Then, as you try to comprehend and deal with this seemingly endless sensory assault, you begin to experience a very different kind of relationship. You are introduced to your mama, and Mama’s breast. As Mama lovingly cuddles you in her arms and coos, you begin to nurse at Mama’s breast, and all your mental and physical attention focuses down to a single point: Mama’s nipple. Because of your one-pointed attention, you are no longer aware of the stimulus of the senses, and you begin to experience a cessation of pain and the establishment of pleasure. For the first time since the birth process began, you are aware of relative calm. You feel safe, secure, warm, nurtured, content and loved.
And, in the midst of this new, pleasant experience you reach your first profound, but ignorant, conclusion:
“I am a separate entity and Mama is a separate entity, and objects and relationships in the material world bring about contentment and happiness and cause the elimination of pain.”
Fueled by an intense desire for self-preservation, this memorable experience leads the newborn to conclude that “I,” the subject, perceive Mama, the object. The experience of nursing at Mama’s breast is the dawning of the delusion of duality known as maya. It represents the birth of the ego (ahamkara in Sanskrit)—that function of the mind that effectively separates the baby from the One Absolute Reality. In fact, the ancient Sanskrit word mama means mine. The baby now believes, based on the limited nature of the brain, senses and its own personal experience, that there is a “me” (the subject) and there is also an “other” (an object).
Because survival depends on this new relationship, the baby mistakenly accepts duality as the true reality. Separation becomes the operative paradigm. Separation is now key to the newborn’s self-preservation, and is stored in the unconscious hard drive. In fact, the attachment is so powerful that it strikes the virgin unconscious with a meteor-like force, creating a huge conceptual habit pattern that will dictate inappropriate, but believable, perceptions for a lifetime. After all, self-preservation is indispensable! The baby must survive!
As the newborn begins to experience, learn and make choices, he or she encounters continual reminders that reinforce the delusion that objects and relationships in the material world eliminate pain and establish relative calm and happiness. Remember, consciousness flows through the deepest, widest and most unobstructed channels in the unconscious. Only moments after birth, as soon as the baby nurses at Mama’s breast, the baby’s unconscious mind becomes programmed by a web of delusion. The cause? Newly installed software that is entirely based on the illusion of separateness and duality perceived by the limited hardware and software of the brain and senses.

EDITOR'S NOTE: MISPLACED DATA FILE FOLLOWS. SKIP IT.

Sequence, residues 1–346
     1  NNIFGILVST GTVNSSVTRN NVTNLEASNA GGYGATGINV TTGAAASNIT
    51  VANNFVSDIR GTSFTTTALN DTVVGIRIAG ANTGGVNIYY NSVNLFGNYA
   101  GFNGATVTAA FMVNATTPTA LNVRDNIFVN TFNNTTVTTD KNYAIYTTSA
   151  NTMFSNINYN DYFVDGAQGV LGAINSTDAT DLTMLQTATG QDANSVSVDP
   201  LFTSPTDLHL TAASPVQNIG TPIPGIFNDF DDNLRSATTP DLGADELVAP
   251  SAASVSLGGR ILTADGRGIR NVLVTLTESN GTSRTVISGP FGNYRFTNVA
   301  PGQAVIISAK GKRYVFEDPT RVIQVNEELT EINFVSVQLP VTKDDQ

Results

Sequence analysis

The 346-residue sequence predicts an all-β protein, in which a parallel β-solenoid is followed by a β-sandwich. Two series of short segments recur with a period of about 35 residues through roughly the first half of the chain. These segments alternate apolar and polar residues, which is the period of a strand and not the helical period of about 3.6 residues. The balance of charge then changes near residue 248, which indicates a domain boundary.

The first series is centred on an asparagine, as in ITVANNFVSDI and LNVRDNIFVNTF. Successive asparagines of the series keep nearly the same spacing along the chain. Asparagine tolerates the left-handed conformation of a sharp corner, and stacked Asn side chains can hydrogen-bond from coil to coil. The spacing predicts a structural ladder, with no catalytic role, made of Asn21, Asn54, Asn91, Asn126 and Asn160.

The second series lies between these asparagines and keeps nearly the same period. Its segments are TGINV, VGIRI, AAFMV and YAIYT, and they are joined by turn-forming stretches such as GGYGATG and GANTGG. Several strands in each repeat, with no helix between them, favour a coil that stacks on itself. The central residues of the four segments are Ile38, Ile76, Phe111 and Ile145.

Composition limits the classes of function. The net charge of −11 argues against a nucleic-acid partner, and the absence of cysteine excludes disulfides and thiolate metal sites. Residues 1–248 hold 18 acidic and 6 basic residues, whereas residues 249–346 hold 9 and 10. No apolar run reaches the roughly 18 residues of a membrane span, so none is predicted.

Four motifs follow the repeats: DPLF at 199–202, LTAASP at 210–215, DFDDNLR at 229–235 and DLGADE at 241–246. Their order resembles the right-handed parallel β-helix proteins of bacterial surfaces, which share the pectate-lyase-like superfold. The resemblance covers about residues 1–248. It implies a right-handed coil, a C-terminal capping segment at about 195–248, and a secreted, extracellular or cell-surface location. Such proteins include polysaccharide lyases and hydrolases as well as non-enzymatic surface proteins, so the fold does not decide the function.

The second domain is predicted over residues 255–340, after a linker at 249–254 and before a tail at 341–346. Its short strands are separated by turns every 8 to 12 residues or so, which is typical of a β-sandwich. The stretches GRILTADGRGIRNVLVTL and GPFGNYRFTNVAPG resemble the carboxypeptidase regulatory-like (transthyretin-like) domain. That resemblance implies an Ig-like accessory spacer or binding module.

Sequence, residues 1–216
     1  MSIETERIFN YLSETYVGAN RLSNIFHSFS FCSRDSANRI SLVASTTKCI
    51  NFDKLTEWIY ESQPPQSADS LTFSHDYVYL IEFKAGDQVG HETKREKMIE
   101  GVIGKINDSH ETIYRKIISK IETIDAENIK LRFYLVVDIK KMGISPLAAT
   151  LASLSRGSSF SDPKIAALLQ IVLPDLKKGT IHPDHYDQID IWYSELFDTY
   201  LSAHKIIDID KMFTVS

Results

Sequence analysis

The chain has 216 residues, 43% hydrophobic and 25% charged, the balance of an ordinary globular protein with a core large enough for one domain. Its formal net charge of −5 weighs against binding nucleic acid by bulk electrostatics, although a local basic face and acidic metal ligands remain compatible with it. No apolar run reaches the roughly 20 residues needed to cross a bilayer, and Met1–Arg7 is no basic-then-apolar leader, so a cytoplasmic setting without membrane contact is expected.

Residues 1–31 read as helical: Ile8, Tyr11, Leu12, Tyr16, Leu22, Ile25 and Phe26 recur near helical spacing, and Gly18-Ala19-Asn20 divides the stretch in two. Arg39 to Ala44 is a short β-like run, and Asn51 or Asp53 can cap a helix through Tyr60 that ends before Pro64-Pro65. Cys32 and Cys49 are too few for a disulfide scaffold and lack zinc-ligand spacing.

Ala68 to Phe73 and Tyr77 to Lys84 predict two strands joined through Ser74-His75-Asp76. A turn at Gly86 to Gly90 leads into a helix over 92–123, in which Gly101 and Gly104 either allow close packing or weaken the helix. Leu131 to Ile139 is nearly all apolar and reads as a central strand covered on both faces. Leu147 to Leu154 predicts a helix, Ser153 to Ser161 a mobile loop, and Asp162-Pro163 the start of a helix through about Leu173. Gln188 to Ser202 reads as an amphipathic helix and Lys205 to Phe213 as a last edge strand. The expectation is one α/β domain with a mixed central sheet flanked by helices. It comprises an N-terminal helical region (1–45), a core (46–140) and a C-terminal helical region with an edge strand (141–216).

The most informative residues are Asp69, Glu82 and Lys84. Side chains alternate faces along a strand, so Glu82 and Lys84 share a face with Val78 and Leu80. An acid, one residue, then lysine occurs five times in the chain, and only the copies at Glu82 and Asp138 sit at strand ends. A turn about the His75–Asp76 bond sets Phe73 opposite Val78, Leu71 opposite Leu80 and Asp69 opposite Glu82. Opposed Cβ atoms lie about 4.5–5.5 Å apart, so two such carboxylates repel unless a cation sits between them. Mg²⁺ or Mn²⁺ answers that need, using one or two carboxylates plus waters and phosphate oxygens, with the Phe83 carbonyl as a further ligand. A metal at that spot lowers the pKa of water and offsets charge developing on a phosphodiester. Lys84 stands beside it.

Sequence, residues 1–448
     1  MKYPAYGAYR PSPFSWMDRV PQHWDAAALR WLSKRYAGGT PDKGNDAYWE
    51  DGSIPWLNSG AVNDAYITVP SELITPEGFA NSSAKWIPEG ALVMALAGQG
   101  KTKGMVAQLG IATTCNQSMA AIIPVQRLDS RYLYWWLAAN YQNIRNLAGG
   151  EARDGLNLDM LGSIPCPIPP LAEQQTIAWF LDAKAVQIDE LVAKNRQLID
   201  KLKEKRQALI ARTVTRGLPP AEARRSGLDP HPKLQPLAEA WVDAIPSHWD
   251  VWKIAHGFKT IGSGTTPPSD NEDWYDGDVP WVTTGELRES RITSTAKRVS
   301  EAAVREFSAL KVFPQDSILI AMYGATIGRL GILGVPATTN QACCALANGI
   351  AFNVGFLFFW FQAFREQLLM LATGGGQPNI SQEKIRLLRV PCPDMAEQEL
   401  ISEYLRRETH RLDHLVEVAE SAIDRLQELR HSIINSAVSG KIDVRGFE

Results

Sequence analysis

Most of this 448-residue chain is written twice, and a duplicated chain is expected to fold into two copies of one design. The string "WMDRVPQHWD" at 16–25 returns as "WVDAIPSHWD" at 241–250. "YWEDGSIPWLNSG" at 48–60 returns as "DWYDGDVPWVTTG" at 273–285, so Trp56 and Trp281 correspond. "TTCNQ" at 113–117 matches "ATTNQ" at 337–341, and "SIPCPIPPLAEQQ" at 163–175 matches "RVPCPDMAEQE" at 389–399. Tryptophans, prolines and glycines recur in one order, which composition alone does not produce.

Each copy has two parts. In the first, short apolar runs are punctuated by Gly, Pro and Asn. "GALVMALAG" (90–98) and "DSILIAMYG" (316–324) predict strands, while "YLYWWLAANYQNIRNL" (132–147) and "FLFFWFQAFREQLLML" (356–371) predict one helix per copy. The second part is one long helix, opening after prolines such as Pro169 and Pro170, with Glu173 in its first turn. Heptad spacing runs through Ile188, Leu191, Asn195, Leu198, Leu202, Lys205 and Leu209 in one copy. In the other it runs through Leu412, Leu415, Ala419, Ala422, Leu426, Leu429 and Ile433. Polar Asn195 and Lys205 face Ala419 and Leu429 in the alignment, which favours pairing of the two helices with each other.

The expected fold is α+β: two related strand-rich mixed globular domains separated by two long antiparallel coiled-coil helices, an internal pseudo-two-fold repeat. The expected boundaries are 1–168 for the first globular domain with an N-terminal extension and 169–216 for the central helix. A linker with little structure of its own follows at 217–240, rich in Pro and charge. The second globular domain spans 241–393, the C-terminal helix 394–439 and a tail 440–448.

As the baby grows, simple logic dictates that the security of Mama’s breast is then replaced by a succession of different objects: new relationships with a bottle of formula, a pacifier, a stuffed animal, a suit of clothes, a shiny toy, a good grade on a spelling test, a high school diploma, a college degree, an automobile, a girlfriend, a boyfriend, a husband, a wife, or even a new baby. The human being continually substitutes one object and relationship for another, prodded and deluded by the notion that the next object or relationship is going to bring happiness and eliminate pain. Why? Because the mental operating system is based on habit patterns that define each human being and material object as an essentially separate entity.
But without the guidance of a philosophy of life that reveals the Truth of who we are, we logically grow up viewing ourselves and others too as separate from one another and from the universe. This hypnotic optical delusion alienates us and guarantees fear, anger—and eventually danger, because by that time in life we’ve become naturally skeptical of what our mind thinks is not “me.”
To teach his students how to cut through this veil of delusion and to live a joyful life, even in the face of fear and anger, 20th century British-American philosopher Alan Watts wrote the following simple, child-like explanation.
“There was never a time when the world began, because it goes round and round like a circle, and there is no place on a circle where it begins. Look at my watch, which tells the time; it goes round, and so the world repeats itself again and again. But just as the hour-hand of the watch goes up to twelve and down to six, so, too, there is day and night, waking and sleeping, living and dying, summer and winter. You can’t have any one of these without the other, because you wouldn’t be able to know what black is unless you had seen it side by side with white, or white unless side by side with black.